Staying Off the Emotional Rollercoaster

by Adam Martin - Date: 2007-01-21 - Word Count: 846 Share This!

We all experience this one constantly. Be it personally, professionally or anything else, we all know that ups and downs come with the turf.

If we are in a relationship, there will be days when we are flying, when our partners are the greatest people we have ever known, when we cannot believe how lucky we are to have these amazing people in our lives… Then something goes wrong. They leave the toilet seat up once too many times, and we've told them how that drives us nuts, or they wince at our driving in just the wrong way, and suddenly we are second guessing ourselves, wondering if we can cope with this exasperating moron one more second, and seriously contemplating homicide (justifiable, of course).

Then comes work. And there are days when we close that sale, or get that promotion, or make a great tip, and our boss is behaving well, and we feel great, and hey, I am lucky to be here, and I could be doing construction so things are pretty good, really… then the next day the boss bites your head off for getting their coffee order wrong, and a customer was just plain mean, and the customer we closed yesterday called to cancel their order, and they complained about us, and suddenly construction is sounding pretty good, especially as you get to hit things with sledge-hammers, and pretend they are your supervisor…

Is any of this sounding familiar? It should do, because life is like this. It has ups and downs. You feel great, you feel lousy, then great again. And, as you set out on your financial journey, you need to know that this roller-coaster will happen here as well. The trick is to never get stuck in where you are right now, and remember the great maxim "This too shall pass". There are, however, a couple of things one can do to even out the bumps in the road.

1. Keep your eyes on the prize. We have written before on the importance of goals, and, when you hit the inevitable blocks, this is an important time to pull them out. A coach once told me: "Your goals have to be bigger than the rocks you encounter. Otherwise all you will see is obstacles, and then you will give up". Reminding ourselves of our goals will keep us moving forward, and will help get us around the obstacles we encounter.

2. Do your homework. Often, the key to making good business decisions is to remove the emotion from the process. This is easier said than done, but, if you have educated yourself about your situation, then it will be simpler for you to identify the correct course of action, as opposed to reacting to a situation emotionally.

3. Enjoy the highs, learn from the lows. When things are going well, enjoy yourself, but don't get carried away into over-confidence, because that is when we make mistakes. We also need to remember that rush when we are down, because it will sustain us through a rough patch. The other question we need to ask ourselves at our low points is this: "How did I contribute to this situation?" We know that responsibility is an essential step towards taking control, so it is important that we analyze every situation (especially those in which we may have made mistakes) in order to learn what, and what not, to do should a similar situation arise.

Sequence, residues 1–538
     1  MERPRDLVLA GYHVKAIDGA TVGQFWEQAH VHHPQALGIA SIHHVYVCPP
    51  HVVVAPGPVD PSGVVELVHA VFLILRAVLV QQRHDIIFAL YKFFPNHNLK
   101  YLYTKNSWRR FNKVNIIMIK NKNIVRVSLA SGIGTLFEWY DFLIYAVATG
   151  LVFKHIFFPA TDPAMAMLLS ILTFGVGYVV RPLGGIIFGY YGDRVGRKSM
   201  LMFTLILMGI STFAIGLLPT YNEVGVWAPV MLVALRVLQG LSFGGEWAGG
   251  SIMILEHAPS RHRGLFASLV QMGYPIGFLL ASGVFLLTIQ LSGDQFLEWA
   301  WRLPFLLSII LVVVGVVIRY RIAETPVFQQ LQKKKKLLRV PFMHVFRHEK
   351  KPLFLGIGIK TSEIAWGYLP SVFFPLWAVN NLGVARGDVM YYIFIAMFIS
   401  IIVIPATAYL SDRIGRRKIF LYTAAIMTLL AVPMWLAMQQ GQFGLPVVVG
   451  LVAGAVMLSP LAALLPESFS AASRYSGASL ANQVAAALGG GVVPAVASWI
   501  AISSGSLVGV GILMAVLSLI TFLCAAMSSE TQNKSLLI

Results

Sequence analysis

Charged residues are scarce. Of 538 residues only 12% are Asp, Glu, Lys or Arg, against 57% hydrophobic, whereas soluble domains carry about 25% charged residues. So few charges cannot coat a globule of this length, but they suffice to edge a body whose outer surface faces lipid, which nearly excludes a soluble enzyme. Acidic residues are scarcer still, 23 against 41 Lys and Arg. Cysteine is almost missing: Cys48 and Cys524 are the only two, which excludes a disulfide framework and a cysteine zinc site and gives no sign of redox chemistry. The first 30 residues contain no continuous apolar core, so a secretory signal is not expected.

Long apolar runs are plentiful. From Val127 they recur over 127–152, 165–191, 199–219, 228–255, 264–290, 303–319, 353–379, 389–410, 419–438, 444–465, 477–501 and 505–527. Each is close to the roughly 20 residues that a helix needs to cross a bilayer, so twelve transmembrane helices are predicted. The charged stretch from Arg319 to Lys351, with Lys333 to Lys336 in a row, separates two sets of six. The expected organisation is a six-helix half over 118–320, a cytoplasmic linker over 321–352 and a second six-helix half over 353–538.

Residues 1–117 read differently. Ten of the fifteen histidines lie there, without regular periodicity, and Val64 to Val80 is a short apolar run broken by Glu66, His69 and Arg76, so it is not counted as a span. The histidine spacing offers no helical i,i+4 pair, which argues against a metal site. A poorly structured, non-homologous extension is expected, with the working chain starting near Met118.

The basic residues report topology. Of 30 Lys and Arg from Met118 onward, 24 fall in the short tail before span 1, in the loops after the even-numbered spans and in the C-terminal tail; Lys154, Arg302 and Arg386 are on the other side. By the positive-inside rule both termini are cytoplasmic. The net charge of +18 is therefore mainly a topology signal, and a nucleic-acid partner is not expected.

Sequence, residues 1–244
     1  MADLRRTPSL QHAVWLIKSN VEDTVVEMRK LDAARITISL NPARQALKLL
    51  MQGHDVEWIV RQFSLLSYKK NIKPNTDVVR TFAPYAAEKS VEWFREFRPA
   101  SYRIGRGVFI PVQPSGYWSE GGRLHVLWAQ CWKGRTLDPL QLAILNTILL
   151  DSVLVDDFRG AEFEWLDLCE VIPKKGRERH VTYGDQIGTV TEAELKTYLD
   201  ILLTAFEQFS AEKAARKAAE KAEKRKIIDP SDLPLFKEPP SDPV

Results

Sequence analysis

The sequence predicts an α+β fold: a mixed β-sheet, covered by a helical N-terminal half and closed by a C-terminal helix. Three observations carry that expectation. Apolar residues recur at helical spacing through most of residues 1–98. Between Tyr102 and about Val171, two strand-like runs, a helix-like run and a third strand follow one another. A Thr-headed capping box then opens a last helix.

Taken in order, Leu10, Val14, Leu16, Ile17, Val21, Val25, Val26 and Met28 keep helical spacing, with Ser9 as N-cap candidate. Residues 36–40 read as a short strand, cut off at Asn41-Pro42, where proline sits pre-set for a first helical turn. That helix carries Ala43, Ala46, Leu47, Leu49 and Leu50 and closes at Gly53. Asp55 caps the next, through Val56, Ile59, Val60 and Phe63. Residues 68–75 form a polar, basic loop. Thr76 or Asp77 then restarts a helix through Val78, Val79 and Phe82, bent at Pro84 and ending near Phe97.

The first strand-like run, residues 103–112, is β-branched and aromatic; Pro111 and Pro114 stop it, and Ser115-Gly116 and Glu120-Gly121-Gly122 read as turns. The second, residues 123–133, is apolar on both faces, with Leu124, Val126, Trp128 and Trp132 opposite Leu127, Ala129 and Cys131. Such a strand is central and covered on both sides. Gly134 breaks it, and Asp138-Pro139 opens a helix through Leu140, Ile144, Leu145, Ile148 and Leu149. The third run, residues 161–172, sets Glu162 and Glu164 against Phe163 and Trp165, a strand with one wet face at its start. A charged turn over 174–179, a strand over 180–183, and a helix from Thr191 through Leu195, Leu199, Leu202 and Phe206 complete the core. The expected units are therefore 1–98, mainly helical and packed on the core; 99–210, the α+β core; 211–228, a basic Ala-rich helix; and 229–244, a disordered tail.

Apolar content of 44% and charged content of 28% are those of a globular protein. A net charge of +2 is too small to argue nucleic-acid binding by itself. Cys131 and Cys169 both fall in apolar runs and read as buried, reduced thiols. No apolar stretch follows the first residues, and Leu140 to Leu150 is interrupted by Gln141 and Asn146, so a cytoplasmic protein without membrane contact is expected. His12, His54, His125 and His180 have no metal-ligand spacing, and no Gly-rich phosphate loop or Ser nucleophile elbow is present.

These points become all the more important as you enter the world of investing and business (and we are all in business already, because we run our artistic careers like one, right? If not, visit Abundance Bound - Financial Education to change starving artists into wealthy artists" to find out why this is important.)

When you start investing, you will by a stock (for example), and it will take off. You will start having visions of weekends in Paris, a new BMW… and then something will happen, and the price will crumble, causing you to conjour Dickensian images of poor houses and debtor's prison. This will happen but, if you have done your research and chosen wisely, then "this too shall pass", and you will cling on when others are running for cover like rabbits in hunting season, and make your money when the stock recovers, while others have taken thumping great losses because they panicked (a very emotional thing to do).

As your business takes off, you will get 50 customers your first week, and again you will have visions of global expansion and corporate jets… only to have them dashed when half of them cancel, and the other half reveal themselves to be chronic whiners. Again, eyes on the prize (which is independence and a lucrative and long-lasting career in the arts), an analysis of why what happened happened, and forward to bigger and better things.

We are all, on some level, aware of this process. But, by consciously focusing on the three things listed above, you will find that the inevitable bumps you encounter will affect you less, leaving you free to concentrate on the things that matter most.

Related Tags: money, finances, planning, business, career, artist, financial, creative, art, actress, actor, acting, artistic

Adam Martin is an active Assistant Director (most recently on "Transformers", to be released summer 07), Producer and Director based in Hollywood. He also started Abundance Bound, Inc, ( - Financial Education and Planning for Actors and Artists") and his mission is to develop a community of artists able to pursue their creative goals free from the crushing weight of financial stress. Adam and his wife, Miata, are coached by Loral Langmeier, author of the best-seller "The Millionaire Maker", and apply what they learn with her to their clients within the artistic community.

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